“The day we apologize to Monama trash will be a bad one indeed,” the female said, flashing her teeth. She had brownish-silvery hair pulled tight into a net. Her bangs were waxed into curls across her forehead.
“I wonder,” another man at the booth said. “Is the Monama for sale? I’d like to buy her for an hour or two.”
Kay’s hand went to his CARG, ready to unsaddle it and lop their heads off. Sam restrained him. “It’s alright, Kay, we needn’t waste our time with these foolish people. Let’s go,” she said in Anuie.
Hearing Sam’s native language encouraged more poor behavior from the group. “Will you listen to her?”
“Sounds like two pigs having sex, doesn’t it?”
“Hahahahahahaha . . .”
Sarah was fuming. “How about we take you outside and beat the living tar out of the lot of you right here and now, how about that? Nobody talks to the Ne-Countess of Blanchefort like that while I’m around! Got it?”
The rest of the people in the booth stood up. They were all of exceptional size. The lady in their group engaged in a fierce staring contest with the shorter Sarah. The first man spoke again to Kay.
“We heard you were some sort of Vith hero. You look like a little Nancy-Boy to me. I am Ernst Wunderluck, and these with me are my kin: Aiken, Rusty, and Clara. We are the famed Wunderlucks, adventurers and
treasure-hunters supreme! We are the pride of Remnath!”
Wunderlucks? Kay recalled their name was carved on the table in Lady Chrysania’s gallery.
Phillip stood firm. “I notice the thick necks, low brow, small cranial size, and limited apparent intelligence. The lot of you look to be members of the House of Jocanda. Am I correct?”
Sarah laughed. “Jocandas? You mean that stupid House that declared war on the Sisters way back when? You’re a pack of Jo-Boys then, for real! Ha, ha, ha!!” She slapped her leg and howled. “Why don’t you go
find a Sister to vomit on, Jo-Boys.”
The Wunderlucks all turned a shade of red to match their suits.
“We’ve Hospitaler’ed people for less,” Clara said, sizing Sarah up. Clara might have been very pretty had her face not been puckered into an ugly scowl.
“Shaddap, Jo-Boy!” Sarah said.
Ernst fumed. “Nobody calls us that, understand? Nobody!” He reached out to seize Sarah by the hair. Sam shot out and took him by the wrist. She wrenched him off his feet to the floor. Chatter in the bar
immediately ceased. The rest of the Wunderlucks drew weapons from their suits.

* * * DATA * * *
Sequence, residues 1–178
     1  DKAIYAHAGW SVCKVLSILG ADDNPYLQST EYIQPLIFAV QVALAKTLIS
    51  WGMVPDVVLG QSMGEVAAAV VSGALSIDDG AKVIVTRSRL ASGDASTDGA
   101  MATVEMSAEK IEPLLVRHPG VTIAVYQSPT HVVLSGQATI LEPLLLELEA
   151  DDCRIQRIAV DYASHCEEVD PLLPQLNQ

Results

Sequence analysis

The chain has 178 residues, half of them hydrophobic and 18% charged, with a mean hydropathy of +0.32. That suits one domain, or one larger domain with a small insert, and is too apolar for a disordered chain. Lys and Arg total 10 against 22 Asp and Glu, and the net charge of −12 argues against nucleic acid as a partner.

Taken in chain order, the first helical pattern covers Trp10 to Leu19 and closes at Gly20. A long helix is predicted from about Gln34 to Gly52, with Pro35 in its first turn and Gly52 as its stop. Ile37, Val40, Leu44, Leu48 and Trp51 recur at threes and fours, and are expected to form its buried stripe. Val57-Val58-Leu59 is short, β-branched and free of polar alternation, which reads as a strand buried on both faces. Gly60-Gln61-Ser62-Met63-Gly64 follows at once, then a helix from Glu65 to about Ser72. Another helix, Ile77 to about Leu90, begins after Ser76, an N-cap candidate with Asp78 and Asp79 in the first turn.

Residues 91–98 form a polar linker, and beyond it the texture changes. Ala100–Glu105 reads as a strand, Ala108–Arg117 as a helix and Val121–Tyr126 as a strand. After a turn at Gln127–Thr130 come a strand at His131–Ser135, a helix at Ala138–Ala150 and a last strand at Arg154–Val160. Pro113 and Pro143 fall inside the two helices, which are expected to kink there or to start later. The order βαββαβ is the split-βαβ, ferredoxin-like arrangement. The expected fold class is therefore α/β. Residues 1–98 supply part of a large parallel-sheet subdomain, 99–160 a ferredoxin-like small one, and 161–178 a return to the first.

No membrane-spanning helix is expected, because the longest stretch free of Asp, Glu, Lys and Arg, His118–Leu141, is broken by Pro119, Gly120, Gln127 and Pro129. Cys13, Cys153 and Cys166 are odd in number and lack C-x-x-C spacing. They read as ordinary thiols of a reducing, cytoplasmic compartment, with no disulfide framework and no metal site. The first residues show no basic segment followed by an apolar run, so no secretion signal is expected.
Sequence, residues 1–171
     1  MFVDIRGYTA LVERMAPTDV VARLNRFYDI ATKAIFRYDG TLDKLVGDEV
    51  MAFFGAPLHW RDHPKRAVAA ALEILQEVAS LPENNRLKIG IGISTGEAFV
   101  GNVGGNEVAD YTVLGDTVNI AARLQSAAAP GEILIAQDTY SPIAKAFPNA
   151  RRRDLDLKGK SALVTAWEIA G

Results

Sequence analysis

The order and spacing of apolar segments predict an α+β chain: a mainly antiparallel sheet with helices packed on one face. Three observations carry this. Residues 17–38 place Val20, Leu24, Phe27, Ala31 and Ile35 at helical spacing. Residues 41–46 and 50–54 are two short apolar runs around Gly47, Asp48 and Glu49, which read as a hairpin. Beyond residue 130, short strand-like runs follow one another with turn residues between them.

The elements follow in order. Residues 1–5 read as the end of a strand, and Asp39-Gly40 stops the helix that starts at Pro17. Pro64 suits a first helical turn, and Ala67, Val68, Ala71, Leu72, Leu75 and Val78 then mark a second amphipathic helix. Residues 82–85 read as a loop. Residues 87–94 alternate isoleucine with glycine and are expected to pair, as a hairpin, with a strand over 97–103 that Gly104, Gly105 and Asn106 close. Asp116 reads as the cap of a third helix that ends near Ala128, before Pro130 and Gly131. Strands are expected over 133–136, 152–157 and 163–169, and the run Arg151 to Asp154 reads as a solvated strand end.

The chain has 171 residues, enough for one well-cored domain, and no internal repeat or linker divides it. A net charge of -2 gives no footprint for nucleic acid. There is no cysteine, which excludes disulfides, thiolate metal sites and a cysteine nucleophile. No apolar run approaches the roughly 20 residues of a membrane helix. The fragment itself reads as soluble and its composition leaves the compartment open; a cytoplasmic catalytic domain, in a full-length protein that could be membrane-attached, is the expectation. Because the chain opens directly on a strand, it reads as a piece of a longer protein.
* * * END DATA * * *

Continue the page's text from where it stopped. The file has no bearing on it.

“Not so fast!” Ki said coming up from behind, her SK pistol drawn. “What’s going on here?”
“This is a private conversation, Magistrate,” Ernst said, engaging in a test of strength with Sam from his knees and not having much success. “It . . . doesn’t concern you.”
Pop! His hand broke in Sam’s grip and he sweated in pain.
“Drawing weapons in my village in a serious offense, boyo. Your welcome’s officially worn out. Take your things, pay your tab, and blow. I catch you lurking around here again, you’ll all spend time in my jail,
“Is this Vith justice?” Rusty Wunderluck asked. “The Monama just broke my brother’s hand.”
“Seems to me your brother had that and more coming to him. Maybe he’ll find his manners next time,” Ki responded, her finger on the trigger.
The Wunderlucks looked amongst themselves and then returned their weapons to their holsters.
“Fine. We’re going. This is a crap Flop-Town full of Frag-Wagons and Whimple-Poles anyway,” Ernst said. Sam released him and he stood, his hand an ugly shade of purple. The Wunderlucks tossed back the remains of their drinks and headed to the door.
Ernst turned back. “Oh, one last thing, Blanchefort. We heard you got a letter from Bloodstein. Stay out! We’ll do the collecting, right? Us, not you, she contacted us first. That’s our adventure and our spoils. I see you and your trash wife meddling in our business again and I’m not going to be so nice about it.”
Rubbing his wrist, Ernst and the rest of the Wunderlucks went through the door and were gone.